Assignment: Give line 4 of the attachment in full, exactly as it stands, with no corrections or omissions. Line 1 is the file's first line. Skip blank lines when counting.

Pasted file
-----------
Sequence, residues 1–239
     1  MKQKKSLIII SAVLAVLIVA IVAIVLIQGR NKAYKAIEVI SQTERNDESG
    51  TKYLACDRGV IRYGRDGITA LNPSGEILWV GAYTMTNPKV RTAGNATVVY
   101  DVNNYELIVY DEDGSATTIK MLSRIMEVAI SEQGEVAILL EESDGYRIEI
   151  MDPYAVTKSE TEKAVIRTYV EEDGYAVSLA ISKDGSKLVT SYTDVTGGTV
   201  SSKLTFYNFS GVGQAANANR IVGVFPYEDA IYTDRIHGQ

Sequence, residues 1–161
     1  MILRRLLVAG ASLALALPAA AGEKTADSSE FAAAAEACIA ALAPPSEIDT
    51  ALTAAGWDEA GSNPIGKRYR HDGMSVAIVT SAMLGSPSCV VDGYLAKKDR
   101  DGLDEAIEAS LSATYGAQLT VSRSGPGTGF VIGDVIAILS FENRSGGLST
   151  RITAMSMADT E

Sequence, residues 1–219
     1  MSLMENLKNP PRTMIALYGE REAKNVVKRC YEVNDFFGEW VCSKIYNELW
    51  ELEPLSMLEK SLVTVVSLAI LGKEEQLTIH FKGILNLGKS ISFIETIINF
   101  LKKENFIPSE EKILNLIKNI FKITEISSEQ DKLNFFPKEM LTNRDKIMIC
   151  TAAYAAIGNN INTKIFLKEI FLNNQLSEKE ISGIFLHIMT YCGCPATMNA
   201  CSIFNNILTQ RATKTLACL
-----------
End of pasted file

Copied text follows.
   101  DVNNYELIVY DEDGSATTIK MLSRIMEVAI SEQGEVAILL EESDGYRIEI